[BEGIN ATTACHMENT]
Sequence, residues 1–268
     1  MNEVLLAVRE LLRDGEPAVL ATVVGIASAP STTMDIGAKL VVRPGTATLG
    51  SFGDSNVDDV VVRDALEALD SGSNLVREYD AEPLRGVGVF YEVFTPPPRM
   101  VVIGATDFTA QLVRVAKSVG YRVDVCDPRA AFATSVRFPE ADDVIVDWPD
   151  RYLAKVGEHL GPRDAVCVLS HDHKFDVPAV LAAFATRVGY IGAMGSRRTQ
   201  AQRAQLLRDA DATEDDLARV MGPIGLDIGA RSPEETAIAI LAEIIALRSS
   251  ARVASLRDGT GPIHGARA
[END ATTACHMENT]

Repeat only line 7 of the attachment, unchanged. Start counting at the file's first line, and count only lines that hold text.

   251  ARVASLRDGT GPIHGARA